Email from arrested White House official suggests powerful congressman lied about trip
WASHINGTON -- News of David Safavian's arrest Monday ricocheted through the Washington political scene like a gunshot.
Safavian, 38, who oversaw $300 billion in federal procurement for President George W. Bush, quit Friday after an FBI operation alleged he obstructed an investigation and tried to finagle a government deal for a friend. He was appointed in 2004.
Yet what is most significant about Safavian's case isn't Safavian himself. It’s the fact that he was arrested—and that emails he sent to conservative superlobbyist Jack Abramoff indicated that those on the trip knew that a trip to Scotland in 2002 was being paid for by the lobbyist.
An email sent by Safavian appears to indicate that the powerful Rep. Bob Ney (R-OH) lied when he said he was "duped" by Abramoff and lied again on financial disclosure forms when he said that a nonprofit had paid for the trip, RAW STORY has found.
"I (along with [two] members of Congress and a few Congressional staff) have been invited by a friend and former colleague on a trip to Scotland to play golf for four days," Safavian wrote in an email to his government employer, seeking permission to go on the trip.
"The host of the trip is chartering a private jet to take the eight of us from BWI to Scottland [sic] and back. He is paying the cost of the aircraft regardless whether I go or not. In fact, none of the other guest [sic] will be paying a proportional share of the aircraft costs."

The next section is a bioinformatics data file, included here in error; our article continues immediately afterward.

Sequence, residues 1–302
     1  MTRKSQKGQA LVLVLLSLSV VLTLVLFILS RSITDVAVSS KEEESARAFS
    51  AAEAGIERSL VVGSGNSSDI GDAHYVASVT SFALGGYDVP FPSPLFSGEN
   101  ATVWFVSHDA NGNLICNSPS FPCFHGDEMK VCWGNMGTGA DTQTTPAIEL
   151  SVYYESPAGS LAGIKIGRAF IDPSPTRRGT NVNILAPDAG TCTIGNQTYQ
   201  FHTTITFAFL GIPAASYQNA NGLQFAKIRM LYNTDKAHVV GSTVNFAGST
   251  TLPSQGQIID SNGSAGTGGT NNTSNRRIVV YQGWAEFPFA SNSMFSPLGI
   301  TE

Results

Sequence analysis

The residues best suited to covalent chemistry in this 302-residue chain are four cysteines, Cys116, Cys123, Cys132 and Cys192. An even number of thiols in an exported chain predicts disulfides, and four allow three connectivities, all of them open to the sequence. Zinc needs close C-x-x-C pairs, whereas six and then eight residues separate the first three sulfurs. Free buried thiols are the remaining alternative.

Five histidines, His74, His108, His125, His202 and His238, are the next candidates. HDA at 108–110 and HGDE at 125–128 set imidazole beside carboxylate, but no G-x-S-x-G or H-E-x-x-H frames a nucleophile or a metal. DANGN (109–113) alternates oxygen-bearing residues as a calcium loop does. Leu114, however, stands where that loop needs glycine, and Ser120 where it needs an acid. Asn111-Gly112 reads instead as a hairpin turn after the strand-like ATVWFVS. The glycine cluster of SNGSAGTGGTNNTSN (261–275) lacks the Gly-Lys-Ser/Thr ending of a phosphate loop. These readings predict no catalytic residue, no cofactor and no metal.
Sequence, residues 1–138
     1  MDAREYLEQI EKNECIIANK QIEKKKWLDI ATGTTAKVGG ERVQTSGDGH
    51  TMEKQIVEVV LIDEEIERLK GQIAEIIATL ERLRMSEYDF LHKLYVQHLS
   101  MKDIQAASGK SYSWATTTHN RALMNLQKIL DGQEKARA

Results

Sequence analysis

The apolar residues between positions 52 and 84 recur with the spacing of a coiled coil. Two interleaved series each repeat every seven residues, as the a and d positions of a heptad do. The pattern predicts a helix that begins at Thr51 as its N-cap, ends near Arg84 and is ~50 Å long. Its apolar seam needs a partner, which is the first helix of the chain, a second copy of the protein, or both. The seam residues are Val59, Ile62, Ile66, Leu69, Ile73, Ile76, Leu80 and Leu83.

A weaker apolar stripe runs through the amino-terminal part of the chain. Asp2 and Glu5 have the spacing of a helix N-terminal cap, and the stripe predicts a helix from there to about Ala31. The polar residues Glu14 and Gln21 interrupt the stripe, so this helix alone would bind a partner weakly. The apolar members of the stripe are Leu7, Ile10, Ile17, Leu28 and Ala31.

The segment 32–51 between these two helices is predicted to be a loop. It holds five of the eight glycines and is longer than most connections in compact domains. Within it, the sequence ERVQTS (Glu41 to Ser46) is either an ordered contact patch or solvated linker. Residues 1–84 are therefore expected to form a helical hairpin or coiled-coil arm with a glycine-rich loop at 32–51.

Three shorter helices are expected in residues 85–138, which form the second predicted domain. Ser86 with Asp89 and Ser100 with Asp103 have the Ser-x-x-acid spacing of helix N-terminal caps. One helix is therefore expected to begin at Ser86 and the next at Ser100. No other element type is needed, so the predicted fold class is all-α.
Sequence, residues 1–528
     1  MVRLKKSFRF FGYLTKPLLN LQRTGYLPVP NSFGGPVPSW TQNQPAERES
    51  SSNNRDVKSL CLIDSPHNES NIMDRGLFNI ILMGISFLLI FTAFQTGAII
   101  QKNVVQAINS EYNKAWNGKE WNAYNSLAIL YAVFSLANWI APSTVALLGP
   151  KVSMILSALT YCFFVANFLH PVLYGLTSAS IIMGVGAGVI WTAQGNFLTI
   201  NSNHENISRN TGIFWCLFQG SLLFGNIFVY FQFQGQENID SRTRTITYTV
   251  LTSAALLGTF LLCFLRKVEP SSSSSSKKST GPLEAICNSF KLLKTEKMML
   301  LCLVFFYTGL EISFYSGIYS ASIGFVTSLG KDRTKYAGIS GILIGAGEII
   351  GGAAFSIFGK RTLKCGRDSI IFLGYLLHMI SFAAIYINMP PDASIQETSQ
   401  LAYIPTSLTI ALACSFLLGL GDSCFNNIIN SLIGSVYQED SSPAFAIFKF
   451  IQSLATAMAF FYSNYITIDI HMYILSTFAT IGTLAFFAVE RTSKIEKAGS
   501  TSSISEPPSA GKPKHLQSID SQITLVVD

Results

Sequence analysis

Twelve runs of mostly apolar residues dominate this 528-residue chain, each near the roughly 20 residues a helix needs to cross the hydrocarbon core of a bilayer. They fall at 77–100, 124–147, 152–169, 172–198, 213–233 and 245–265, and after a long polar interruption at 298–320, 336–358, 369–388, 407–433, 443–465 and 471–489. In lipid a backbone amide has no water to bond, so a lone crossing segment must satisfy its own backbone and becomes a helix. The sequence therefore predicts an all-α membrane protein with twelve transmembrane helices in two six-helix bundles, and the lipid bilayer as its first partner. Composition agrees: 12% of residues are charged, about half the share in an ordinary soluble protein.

"The host is a lawyer and a lobbyist… he does all his work on Capitol Hill."
Nowhere in Safavian's email does he reference the National Center, which those involved said had paid for the trip. The email states that Abramoff personally extended invitations.
Ney, however, made up another patron.
His filings assert that the six-day $3,200 junket from Washington, to Scotland, and then on to London, was paid for by the Center. The visit was described on travel forms as “Speech to Scottish parliamentarian; attend Edinburgh Military tattoo; visit British Parliament.”
His office told the New York Times that Abramoff had assured him the Center had footed the bill. He did not return a RAW STORY call seeking comment.
Amy Ridenour, the Center's director, told a Senate Indian Affairs Committee hearing in June that she knew nothing about the trip.
“The second golf trip is something on which I will be able to provide no information other than the fact that we don't know anything about it,” Ridenour said.
Ridenour’s comments further suggest Ney knowingly falsified the sponsor of the trip on financial disclosure forms.
After the trip, Abramoff sent an e-mail to a senior tribal official of the Texas Tigua tribe, which had been asked to foot half the bill. He said Ney “had a great time and is very grateful but is not going to mention the trip to Scotland for obvious reasons. He said he'll show his thanks in other ways, which is what we want."
The Ohio congressman told the Times that Abramoff was lying.
Abramoff directed the tribe to contribute $32,000 to Ney in 2002, just days after Ney took steps to sponsor legislation sought by the tribe. The lobbyist hired Ney’s chief of staff Neil Volz earlier that year.
Volz, along with two of the congressman’s current aides, took Abramoff’s chartered jet on the same trip. They were joined by Christian Coalition wunderkind Ralph Reed and Ney contributor Adam Kidan.
Kidan bought the Florida-based gambling cruise line Suncruz, in 2000, after Ney inserted statements critical of the line’s previous owner into the congressional record. The previous owner was later killed in a gangland-style murder while driving through a quiet Fort Lauderdale street in his BMW.
The case remains unsolved.
When the Tigua delegation met with Ney shortly after the Scotland trip, the Tigua's leader told the Atlanta Journal Constitution, the congressman said, "I want to thank you — I had a great time. You all were so generous."
Originally published on Tuesday September 20, 2005.